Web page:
The TCB termination is crucial because the maintenance of connections in NPU is resource consuming. When a connection is terminated, it does not need to assign resources to it as well. There are two kinds of approaches that respectively use RST (a flag in TCP head used to reset a connection) or FIN (a flag in TCP head used to normally close a connection) to terminate a connection. Note that a connection can be alive infinitely without any data exchanging. Thus, it is inadequate to manage the per-connection resource problem because TCP connections do not implicitly time out. The lack of a method to determine if a connection is idle or closed forces the NIDS and NFS to terminate the connection and delete its TCB when no packet appears in the connection for a long time. The problem with TCB termination is that an NIDS can be tricked into closing a connection that is still active; thereby, it forces the system to lose state and increase the probability of detection evasion. On the other hand, a NIDS that fails to terminate a TCB for a really closed connection is also vulnerable because the memory will be exhausted rapidly. In our proposed method, both FIN and RST messages are utilized as the basic judgment to indicate the termination of the connections. In addition, we also rely on timeouts as an auxiliary instrument. When a connection has been terminated, its remainder data on both directions will be submitted to the host, and then, its corresponding TCB will be deleted. Each TCP connection can be expressed as a four-element tuple including source IP, source port, destination IP, and destination port. Once a packet is captured, its corresponding stream needs to be localized, and the TCB data structure needs to be updated. The minimum information of a TCB should be composed of the aforementioned four-element tuple, client's expected sequence number, server's expected sequence number, pointer to the next TCB for resolving hash collision, the time that the last packet was received, and the pointer point to the buffered packets. Generally, TCB is attached to a hash table indexed by hash algorithm by using some bits from the four-element tuple as parameters. Collisions lead to several TCBs being attached to one table entry.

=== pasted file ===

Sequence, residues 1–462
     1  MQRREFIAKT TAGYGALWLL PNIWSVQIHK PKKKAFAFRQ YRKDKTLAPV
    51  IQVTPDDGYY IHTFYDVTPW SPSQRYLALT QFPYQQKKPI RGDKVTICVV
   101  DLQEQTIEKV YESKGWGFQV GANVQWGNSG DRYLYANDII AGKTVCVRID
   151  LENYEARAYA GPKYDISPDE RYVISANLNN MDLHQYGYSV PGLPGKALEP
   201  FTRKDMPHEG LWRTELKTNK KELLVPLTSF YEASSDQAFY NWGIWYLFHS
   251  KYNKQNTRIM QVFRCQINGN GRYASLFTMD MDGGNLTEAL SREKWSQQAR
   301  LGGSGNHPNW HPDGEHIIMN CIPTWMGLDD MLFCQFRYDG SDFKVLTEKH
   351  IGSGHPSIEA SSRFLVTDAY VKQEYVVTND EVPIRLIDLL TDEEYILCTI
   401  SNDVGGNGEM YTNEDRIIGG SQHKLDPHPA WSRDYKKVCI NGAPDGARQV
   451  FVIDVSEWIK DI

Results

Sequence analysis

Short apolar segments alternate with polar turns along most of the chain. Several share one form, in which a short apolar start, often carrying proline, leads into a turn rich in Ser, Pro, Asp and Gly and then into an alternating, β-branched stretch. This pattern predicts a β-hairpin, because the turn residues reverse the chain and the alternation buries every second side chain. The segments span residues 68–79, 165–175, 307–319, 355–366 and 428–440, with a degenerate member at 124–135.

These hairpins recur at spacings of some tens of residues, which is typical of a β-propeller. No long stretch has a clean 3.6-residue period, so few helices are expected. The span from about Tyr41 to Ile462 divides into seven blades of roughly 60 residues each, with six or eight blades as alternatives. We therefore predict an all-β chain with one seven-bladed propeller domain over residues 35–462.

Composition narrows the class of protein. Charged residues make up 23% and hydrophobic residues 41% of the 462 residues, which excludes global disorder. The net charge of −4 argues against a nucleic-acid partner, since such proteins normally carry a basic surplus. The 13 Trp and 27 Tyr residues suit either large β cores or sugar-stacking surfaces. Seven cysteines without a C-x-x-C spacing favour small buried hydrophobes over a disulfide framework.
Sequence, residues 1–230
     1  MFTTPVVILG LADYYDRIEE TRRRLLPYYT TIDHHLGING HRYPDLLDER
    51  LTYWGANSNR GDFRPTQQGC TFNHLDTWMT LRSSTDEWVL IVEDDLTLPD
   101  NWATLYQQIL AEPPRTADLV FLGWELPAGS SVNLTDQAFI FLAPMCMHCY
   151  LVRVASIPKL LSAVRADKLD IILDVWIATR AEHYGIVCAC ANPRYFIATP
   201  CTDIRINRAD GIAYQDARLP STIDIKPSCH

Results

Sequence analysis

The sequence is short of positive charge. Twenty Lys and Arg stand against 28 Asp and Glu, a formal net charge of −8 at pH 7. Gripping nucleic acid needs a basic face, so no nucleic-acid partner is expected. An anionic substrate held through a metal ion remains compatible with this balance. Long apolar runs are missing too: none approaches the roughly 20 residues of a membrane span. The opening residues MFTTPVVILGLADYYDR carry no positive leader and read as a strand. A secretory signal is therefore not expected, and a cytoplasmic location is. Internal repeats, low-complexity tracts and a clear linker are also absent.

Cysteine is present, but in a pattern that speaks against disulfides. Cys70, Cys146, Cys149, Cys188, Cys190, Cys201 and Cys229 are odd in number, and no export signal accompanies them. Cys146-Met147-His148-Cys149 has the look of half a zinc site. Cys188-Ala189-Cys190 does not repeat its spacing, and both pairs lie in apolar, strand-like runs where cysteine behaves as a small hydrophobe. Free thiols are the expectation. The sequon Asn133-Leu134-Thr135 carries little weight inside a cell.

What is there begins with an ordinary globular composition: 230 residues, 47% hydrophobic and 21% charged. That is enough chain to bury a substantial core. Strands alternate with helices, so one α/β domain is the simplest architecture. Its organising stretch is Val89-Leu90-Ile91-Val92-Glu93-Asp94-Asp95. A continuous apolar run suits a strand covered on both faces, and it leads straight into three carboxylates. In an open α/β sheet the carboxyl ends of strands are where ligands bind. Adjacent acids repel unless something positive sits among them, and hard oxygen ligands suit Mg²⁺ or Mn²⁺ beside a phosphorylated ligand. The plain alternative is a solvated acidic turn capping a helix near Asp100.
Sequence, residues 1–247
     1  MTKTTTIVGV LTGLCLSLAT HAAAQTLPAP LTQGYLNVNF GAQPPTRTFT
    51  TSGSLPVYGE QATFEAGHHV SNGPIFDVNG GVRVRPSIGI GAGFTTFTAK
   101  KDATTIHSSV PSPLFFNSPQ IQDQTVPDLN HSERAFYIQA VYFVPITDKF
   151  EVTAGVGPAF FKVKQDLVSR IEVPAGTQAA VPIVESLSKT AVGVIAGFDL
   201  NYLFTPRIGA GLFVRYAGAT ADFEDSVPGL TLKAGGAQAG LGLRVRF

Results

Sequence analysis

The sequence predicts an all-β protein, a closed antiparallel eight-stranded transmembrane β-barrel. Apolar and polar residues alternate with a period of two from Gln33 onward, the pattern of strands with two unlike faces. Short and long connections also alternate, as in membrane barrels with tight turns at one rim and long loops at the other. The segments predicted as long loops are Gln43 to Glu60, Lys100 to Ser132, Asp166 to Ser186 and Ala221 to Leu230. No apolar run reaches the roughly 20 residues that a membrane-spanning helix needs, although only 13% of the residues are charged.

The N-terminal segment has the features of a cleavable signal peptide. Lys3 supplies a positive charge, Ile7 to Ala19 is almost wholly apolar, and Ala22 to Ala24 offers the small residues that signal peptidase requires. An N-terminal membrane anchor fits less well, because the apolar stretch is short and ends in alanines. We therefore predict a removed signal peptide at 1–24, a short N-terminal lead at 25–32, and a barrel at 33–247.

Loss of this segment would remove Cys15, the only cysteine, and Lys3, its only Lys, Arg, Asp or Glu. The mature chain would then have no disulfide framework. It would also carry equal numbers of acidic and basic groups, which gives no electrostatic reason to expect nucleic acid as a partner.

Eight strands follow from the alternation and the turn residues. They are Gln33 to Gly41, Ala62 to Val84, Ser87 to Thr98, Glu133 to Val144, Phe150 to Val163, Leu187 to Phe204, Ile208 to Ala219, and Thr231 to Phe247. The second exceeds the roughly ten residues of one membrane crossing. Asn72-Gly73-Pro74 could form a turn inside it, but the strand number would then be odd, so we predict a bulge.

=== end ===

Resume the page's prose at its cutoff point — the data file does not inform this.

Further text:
4.2 Frameworks of stream reassembly card
The framework of SRC is depicted in Figure 3. In SRC, packets are captured from interface into memory; for maintaining the TCP connection data, a hash table known as stream table is used. Hash is calculated on the <SrcIP, SrcPort, DesIP, DesPort>. When the packets enter the memory, their locations are stored in the packet descriptions. Besides the pointers that point to packets, packet descriptions also contain the packet length and the fields used to dispatch the packets to the threads.
Threads running on the NPU process a received packet and then wait for another packet circularly. Once the data need to be submitted, every thread itself is responsible for the task of submitting the packets from the memory of the NPU to the memory of the host. Both the softwares running on the NPU and CPU share a little memory space in the double data rate synchronous dynamic random-access memory (DDR SDRAM, abbreviated as DDR) of the NPU for message communication, which is utilized by the NPU to gain the address of the direct memory access (DMA), the timeout limit of the host setting, the BlockSize, and the consuming states. CPU can also employ the memory space to obtain the running states of the NPU. As the packets are DMAed to the host memory, the transferring is conducted one packet after another, which is because the packets are not stored consecutively in the memory of the NPU while we need them to be consecutive when they reach the memory of the CPU.